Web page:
When most of us want ice cream, we go to freezer section in the supermarket, or maybe our favorite ice cream shop.
But a couple local guys have built a machine that puts a new spin on old fashioned homemade ice cream.
So how does it work? The delicious details as we go "Along the Way" in Rapid Valley.
It's not the sound we think of, when we think of ice cream.
Dave Grimm of Rapid Valley says, "1 and a half horsepower." He's referring to the engine.
Keith Grimm says, "They're not like your car where you hit the remote and start 'er up."
It looks more like joint effort by Dr. Seuss, Willie Wonka, and an auto mechanic, than a gasoline powered ice cream maker...with wheels and belts and buckets and more.
Keith Grimm of Rapid Valley says, " It's kind of expensive to make the ice cream. It's not like going to get a bucket of ice cream for 4 or 5 dollars. "...
With 2 buckets on this one you can make 2 batches at a time, which Keith says can cost 15 to 20 bucks.
57 year old Keith Grimm and his 82 year old father Dave, did this project together. The key is a 1920's era one piston power source.
Dave Grimm says, "This is the motor. This does the turning. Those belts up to the shaft turns the ice cream machine.
Reporter Steve Long says, Oh so those are replacing the old hand cranks.
Dave responds, Yeah."
So that's the objective. Smooth creamy fresh ice cream. But how they got here is another story.
Keith says, "This here machine was my Uncle Bob's and I always wanted to get one, just to have one, because it's something different."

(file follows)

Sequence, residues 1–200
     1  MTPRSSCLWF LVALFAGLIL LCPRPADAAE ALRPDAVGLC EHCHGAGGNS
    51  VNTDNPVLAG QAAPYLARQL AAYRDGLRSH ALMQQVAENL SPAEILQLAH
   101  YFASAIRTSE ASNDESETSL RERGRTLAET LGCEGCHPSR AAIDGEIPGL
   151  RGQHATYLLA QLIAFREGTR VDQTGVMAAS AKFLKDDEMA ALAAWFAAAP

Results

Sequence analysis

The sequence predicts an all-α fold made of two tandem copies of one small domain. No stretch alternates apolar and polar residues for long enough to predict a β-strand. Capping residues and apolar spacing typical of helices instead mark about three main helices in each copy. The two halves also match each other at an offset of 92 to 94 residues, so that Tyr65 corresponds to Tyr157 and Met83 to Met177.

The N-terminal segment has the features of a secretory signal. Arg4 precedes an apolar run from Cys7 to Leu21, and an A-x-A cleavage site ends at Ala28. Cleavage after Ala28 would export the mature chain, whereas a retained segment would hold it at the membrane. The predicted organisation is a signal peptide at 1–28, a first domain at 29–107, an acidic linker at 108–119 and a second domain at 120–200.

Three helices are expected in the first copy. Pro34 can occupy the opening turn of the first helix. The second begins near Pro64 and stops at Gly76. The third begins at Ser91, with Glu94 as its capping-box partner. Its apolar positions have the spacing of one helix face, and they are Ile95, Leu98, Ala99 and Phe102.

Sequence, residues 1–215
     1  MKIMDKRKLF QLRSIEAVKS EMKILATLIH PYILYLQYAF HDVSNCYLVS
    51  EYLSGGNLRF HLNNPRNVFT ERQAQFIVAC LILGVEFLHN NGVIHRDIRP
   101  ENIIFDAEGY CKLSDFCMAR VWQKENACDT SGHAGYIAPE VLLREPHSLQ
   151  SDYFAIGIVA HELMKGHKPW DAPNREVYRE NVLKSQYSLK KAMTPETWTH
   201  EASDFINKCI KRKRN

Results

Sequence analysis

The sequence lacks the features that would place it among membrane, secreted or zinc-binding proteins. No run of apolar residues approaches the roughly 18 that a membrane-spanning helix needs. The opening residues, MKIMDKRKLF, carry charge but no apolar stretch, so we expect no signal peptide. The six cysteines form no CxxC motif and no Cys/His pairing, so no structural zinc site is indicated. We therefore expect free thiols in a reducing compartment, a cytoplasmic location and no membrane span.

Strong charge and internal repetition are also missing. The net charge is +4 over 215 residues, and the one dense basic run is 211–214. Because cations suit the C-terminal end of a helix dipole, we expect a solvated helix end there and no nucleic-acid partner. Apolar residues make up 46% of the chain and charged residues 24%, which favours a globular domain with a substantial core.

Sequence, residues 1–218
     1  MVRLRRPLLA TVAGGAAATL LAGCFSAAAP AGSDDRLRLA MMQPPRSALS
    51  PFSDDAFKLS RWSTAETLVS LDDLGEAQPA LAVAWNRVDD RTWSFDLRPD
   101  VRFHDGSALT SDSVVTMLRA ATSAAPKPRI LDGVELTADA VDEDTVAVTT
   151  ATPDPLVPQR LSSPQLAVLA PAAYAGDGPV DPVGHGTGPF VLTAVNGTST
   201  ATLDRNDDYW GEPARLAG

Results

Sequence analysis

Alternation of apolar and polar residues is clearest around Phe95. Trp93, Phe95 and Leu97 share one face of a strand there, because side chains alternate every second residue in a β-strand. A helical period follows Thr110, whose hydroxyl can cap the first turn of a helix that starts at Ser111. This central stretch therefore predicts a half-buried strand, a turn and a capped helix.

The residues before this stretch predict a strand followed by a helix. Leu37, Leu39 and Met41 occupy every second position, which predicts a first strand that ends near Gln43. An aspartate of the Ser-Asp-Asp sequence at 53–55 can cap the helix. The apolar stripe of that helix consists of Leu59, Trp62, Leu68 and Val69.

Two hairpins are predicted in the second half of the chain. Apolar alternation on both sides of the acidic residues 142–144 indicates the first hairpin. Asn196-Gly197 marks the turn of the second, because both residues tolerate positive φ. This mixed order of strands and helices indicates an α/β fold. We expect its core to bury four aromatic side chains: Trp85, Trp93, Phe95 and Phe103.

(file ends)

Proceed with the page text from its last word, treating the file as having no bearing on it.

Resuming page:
Dave says, "It was all rusty and the piston was stuck in it solid. I had to heat it and to get it loose from the cylinder it was all rusted in there."
It's called a hit and miss engine, and originally Keith didn't know what he was gonna do with the rusty old thing. Now it sounds just like it's supposed to.
Dave says, "See, you hear it hits and then it slows the governor down until it slows down and then it fires again."
And, believe it or not, this father- son team are not the first ones to build one of these ice cream makers...if you look on the internet you can find other ones. But by fast forwarding through their pictures you can see how much work it takes to make one."
Keith says, "We finally got the timing and everything working right and it works pretty well now. I mean it, they are pretty temperamental though."
They don't know what this particular little engine was originally used for. They could be used for a lot of things.
Dave says, " run like a little feed mill, or a water pump, or anything that needed, on the farm and stuff, that needed a little power of some kind. They didn't have electric motors in those days."
Who knew when this engine was built, that darn near a century later, it would give a father and son time together, it would power an ice cream maker for their whole family to enjoy, and that one day a reporter would be sitting on their step, savoring the fruits of their labor
They built it about a year ago, and first used it at Keith's daughter's wedding.
Keith says it took them about a month or so, off and on to make.
By the way, the flavor they made that day was cherry nut, and it was delicious.
The Grimm's did not invent the concept of using a hit and miss engine to power an ice cream maker, but they're seldom seen in our neck of the woods.
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